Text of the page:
Odessa A’zion Isn’t a Troublemaker, She Just Plays One on TV
“The world just can’t get enough of shoving white-boy stories down our throats, and labeling them as American culture at its finest,” says Joey, Odessa A’zion’s character on the new Netflix drama Grand Army, to her classmates and her white male English teacher. Her body is shaking and tears of defiance trickle down her face as she catches the eye of a friend, who, the night before, was complicit in her sexual assault. “This is as bad as Catcher. This is basically 1920s Woody Allen. And I hope she’ll be a fool. That’s the best thing a girl can be in this world. A beautiful little fool.’ That’s genius?” Early in her career, A’zion has already shown an affinity for troubled and troublemaking young women. The 20-year-old actor appeared as a Daria-loving unhoused teen on Nashville and as a high-school dropout on last year’s CBS sitcom Fam. This month, she stars alongside an impressive cast of newcomers in Grand Army, a millennial Kids set at a public school in Brooklyn that was adapted by Katie Cappiello from her 2013 play Slut.
As a popular, unruly teenager dealing with issues such as terrorism, racial tension, income inequality, sexual identity, and substance abuse, Joey challenges her friends and authority figures with equal zeal. “She thinks she’s hot shit, but she’s just this little girl trying to navigate her way through high school,” says A’zion from her apartment in Los Angeles, where she’s been quarantining with her ten pets: four dogs, three cats, two snakes, and an iguana.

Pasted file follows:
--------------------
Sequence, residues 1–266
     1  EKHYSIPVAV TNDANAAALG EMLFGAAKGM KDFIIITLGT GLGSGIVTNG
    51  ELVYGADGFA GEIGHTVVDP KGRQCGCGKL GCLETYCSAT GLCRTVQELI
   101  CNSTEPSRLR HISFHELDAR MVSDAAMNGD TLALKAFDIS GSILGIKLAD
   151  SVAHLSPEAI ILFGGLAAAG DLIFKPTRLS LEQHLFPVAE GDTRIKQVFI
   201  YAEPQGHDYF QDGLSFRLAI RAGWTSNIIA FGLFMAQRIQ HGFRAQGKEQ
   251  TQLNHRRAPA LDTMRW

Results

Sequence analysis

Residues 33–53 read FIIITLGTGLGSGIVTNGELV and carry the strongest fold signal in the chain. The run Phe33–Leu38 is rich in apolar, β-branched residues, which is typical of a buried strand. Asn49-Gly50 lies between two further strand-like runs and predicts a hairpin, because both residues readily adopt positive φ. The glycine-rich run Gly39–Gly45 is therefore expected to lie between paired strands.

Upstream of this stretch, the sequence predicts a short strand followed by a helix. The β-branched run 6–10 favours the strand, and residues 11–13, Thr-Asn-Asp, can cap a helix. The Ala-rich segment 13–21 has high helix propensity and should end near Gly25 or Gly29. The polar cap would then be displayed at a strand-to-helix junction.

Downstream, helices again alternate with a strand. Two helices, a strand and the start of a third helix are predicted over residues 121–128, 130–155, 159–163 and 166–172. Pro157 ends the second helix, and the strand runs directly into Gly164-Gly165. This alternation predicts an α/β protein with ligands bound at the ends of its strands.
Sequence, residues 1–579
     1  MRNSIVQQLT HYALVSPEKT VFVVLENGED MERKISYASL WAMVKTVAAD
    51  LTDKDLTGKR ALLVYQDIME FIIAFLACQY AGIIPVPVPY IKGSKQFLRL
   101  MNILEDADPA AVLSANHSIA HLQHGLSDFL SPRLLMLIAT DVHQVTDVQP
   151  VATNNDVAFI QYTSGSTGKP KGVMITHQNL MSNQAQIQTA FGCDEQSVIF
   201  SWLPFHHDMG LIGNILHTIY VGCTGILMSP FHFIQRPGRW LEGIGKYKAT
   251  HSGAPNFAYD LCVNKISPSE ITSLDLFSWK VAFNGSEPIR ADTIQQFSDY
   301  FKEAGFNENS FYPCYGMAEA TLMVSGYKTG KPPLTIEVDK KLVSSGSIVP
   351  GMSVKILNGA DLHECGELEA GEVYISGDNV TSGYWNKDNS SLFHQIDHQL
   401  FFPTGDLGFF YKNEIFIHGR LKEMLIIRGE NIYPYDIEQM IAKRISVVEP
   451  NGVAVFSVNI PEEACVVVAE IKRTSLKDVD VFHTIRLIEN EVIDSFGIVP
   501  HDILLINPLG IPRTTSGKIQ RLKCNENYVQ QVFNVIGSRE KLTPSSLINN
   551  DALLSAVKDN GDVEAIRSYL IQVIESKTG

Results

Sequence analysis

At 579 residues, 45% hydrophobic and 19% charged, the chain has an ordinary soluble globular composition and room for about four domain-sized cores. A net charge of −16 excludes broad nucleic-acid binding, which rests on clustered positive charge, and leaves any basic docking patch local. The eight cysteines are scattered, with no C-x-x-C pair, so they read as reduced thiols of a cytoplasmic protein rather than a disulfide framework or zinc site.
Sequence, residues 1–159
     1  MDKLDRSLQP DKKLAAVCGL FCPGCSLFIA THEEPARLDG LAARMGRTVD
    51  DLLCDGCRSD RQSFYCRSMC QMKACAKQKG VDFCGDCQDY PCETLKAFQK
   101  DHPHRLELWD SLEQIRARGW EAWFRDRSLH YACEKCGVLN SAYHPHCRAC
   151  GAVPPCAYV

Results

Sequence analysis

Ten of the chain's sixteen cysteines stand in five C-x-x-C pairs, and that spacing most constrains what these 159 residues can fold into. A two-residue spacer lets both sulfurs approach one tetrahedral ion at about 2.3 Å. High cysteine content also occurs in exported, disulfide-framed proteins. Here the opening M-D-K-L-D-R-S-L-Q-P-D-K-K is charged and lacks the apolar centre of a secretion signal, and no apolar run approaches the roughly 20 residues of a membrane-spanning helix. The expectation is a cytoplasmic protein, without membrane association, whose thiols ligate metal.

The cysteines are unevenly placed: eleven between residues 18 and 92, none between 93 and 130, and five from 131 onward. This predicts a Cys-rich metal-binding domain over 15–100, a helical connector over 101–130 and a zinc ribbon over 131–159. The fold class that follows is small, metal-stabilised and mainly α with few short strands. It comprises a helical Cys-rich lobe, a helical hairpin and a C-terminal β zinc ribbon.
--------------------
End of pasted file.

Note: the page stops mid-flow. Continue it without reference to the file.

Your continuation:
While the series tackles themes that are familiar to the young star, A’zion’s Hollywood-adjacent adolescence was intense in other ways. For the past four years, her mother Pamela Adlon has loosely mined life with A’zion and her two sisters for her critically acclaimed FX series Better Things. A’zion (who recently changed her surname) prefers not to draw too many real-life parallels to the show, but she fondly describes the family dynamic as “weird,” especially when she and her older sister Gideon audition for the same roles. “Everybody’s biting their fingernails,” she says. “We used to be insanely competitive, but it’s gotten better.”
A’zion will follow up her breakthrough performance in Grand Army with the one-take horror movie Let’s Scare Julie and the open-relationship indie comedy Mark, Mary, & Some Other People (she plays one of the other people). Going forward, though, she wouldn’t mind challenging her reputation for spiky characters. “I don’t want to always be, like, the train wreck,” she says. “I’d like to play Little Miss Sunshine.”
Location Manager: Isaac Calvin
Photography Assistant: Seth Calvin